I've heard that pomegranate juice can help prevent cancer. Is this true? Should I add it to my diet?
Pomegranate juice has been hyped to do many things: fight cancer, increase fertility, boost sex drive, reduce erectile dysfunction, stave off heart disease, even guard against Alzheimer's disease.
The potential health benefits of pomegranate juice are attributed to antioxidants called polyphenols. (Antioxidants are thought to guard against free radicals – unstable oxygen molecules in the body that can damage cells.) The antioxidants in pomegranate juice have been shown to be as potent – or more – than blueberries, purple grape juice and green tea.
The truth is, there's flimsy evidence that pomegranate juice lives up to any of these claims, at least in humans. Pomegranate juice has been shown to inhibit the growth of breast and lung cancer cells in the lab, but it remains to be seen if drinking the juice will kill cancer cells in people.
Preliminary research has found that after treatment for prostate cancer, the length of time it took for PSA (prostate-specific antigen) to double was significantly longer in men who drank 1 cup of pomegranate juice (POM Wonderful) daily for up to two years. (Studies have shown that a rapid PSA doubling time may signal a quickly growing cancer.) But this finding is based on a very small number of people. It's too soon to say drinking pomegranate juice treats prostate cancer.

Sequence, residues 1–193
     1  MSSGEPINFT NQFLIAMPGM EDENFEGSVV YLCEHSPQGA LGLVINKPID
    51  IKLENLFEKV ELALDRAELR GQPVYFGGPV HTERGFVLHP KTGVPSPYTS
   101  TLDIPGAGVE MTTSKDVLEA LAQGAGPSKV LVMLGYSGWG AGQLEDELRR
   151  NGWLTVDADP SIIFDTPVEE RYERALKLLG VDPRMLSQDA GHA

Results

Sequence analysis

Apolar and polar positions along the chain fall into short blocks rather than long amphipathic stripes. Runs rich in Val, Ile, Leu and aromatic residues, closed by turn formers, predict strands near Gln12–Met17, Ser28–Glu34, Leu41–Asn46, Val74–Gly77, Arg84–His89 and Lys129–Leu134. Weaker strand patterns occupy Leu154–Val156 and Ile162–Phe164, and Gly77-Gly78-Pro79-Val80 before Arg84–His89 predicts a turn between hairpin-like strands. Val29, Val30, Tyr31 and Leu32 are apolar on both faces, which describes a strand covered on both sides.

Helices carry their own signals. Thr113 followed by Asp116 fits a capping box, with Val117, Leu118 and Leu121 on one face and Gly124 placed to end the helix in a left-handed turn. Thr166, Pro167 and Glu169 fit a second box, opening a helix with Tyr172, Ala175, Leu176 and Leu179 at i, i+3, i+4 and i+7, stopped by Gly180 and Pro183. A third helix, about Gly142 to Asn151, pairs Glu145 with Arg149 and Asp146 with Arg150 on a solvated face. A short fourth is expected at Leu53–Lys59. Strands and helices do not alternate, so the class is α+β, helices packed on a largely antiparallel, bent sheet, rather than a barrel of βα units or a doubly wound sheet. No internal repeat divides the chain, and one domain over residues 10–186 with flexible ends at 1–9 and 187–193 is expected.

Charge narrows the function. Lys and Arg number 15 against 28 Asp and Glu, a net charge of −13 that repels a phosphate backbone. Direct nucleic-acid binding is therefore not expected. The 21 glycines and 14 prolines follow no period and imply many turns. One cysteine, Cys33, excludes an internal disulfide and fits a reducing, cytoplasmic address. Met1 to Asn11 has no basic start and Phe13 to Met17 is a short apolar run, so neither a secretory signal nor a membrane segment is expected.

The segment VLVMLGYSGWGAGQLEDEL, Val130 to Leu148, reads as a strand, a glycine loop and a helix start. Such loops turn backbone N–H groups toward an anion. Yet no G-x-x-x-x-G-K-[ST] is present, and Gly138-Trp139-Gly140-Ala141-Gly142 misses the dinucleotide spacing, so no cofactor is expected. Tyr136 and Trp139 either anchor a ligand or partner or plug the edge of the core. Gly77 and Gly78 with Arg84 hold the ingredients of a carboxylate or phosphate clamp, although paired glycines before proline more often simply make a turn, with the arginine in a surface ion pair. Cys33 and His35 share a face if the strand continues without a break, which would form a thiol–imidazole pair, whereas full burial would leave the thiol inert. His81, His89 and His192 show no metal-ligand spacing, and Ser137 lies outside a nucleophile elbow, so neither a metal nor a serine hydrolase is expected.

The U.S. Federal Trade Commission (FTC) agrees. Earlier this year, the FTC concluded that POM Wonderful engaged in exaggerated and deceptive advertising with insufficient evidence to show that the juice treats or prevents prostate cancer or erectile dysfunction.
That doesn't mean pomegranate juice isn't a healthy addition to your diet. Just don't expect it to fight off cancer. For that matter, what fruit juice could prevent cancer, or any chronic disease, on its own?
Pomegranate juice is an excellent source of antioxidants. And if you buy 100 per cent pomegranate juice, you're avoiding added sugars. However, I don't recommend drinking more than one serving a day (that goes for fruit juice in general) since it's a concentrated source of calories. One cup (8 ounces) of 100-per-cent pomegranate juice has 150 calories (one cup of orange juice has 112).
Instead of juice, add fresh pomegranate to your diet since the fruit is now in season. The seeds inside a pomegranate are packed with antioxidants and deliver fibre, vitamins C and K, and potassium. One half cup of pomegranate seeds – equivalent to one fruit serving – delivers 72 calories.
Add pomegranate seeds to yogurt, hot cereal, whole-grain pilafs, and muffin and pancake batters. Or enjoy them on their own, right out of the fruit.
Leslie Beck, a registered dietitian, is the national director of nutrition at BodyScience Medical. She can be seen every Thursday at noon on CTV News Channel'sDirect (www.lesliebeck.com).
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